Confessions, admissions and declarations by persons accused of crime under Scots law : a historic and comparative study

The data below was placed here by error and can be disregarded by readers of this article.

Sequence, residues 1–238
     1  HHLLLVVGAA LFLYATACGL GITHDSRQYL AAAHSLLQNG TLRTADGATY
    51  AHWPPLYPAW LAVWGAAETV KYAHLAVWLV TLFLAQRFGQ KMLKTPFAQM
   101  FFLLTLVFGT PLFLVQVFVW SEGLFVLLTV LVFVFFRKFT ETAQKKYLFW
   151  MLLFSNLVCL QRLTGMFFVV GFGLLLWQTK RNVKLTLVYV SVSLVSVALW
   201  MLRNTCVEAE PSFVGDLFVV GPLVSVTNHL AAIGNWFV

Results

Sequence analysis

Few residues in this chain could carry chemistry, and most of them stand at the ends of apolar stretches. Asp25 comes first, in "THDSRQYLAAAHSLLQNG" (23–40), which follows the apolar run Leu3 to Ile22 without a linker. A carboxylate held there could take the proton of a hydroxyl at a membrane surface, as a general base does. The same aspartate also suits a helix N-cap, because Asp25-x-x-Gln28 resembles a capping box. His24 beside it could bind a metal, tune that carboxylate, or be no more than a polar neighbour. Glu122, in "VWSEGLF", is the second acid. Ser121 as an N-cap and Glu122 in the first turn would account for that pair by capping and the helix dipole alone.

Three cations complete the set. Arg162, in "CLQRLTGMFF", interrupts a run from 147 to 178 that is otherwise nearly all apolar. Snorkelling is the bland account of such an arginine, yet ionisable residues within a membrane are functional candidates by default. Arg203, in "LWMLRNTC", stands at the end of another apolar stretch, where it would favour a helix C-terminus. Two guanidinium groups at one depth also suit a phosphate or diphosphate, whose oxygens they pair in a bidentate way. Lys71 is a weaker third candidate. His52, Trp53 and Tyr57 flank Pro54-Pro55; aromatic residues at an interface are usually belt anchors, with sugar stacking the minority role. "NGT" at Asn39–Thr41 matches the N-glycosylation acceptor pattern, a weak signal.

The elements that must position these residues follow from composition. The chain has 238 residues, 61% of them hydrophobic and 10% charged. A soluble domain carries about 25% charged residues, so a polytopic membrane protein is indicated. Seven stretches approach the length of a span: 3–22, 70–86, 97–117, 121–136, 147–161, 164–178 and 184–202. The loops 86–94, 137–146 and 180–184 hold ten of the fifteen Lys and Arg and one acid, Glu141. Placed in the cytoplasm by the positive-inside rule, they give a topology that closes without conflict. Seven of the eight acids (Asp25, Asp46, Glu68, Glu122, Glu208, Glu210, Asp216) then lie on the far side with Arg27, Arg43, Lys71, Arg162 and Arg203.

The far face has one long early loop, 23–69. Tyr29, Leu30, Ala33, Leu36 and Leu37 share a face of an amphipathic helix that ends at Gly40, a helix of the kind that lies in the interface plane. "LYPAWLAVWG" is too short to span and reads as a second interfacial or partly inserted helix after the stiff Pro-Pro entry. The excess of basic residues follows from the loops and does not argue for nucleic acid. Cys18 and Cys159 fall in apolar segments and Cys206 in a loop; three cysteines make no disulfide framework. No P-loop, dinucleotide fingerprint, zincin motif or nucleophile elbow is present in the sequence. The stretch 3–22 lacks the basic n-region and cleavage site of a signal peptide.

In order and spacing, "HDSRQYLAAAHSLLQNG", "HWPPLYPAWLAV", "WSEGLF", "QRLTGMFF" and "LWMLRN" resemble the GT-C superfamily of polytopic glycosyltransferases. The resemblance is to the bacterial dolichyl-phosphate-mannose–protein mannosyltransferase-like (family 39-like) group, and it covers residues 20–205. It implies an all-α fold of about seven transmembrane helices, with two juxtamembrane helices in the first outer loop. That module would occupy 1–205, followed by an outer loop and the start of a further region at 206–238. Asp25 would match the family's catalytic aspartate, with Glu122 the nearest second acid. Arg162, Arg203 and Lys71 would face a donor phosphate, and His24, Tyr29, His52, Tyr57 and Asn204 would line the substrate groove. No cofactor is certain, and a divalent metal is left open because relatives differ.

This work examines in depth the issue of the accused's own words as evidence against him in a Scottish criminal court. The work begins with a brief consideration of the historic development of the modern Scottish criminal justice system with particular emphasis on the position of the accused within that system. The literature of the topic is next considered. The right to silence is discussed in some detail, encompassing the modern law in both Scotland and England as well as the various, mainly English, proposals to attenuate the right under the guise of law reform. The early history of confessions in Scotland is examined before turning to the issue of the admissibility of confession evidence. The bulk of this discussion focusses, not surprisingly, on confessions to the police with the development of the law being traced on a case-by-case basis, but all other types of confession evidence are also treated. A comparative note on the English law is included. The issue of corroboration of confession evidence has recently received a considerable amount of attention in the press both legal and lay, and the present work examines both the general issues involved as well as the particular dangers caused by the development of the so-called `special knowledge' confession. Once again comparison is made with English law. The exceptional situation in Northern Ireland is considered in order to demonstrate, albeit in an extreme form, the dangers of unsupervised interrogation and other activities by the forces of `law and order' and the inquisitorial system is likewise considered to see what lessons, if any, can be learned and to identify the dangers and pitfalls of the main alternative procedural system.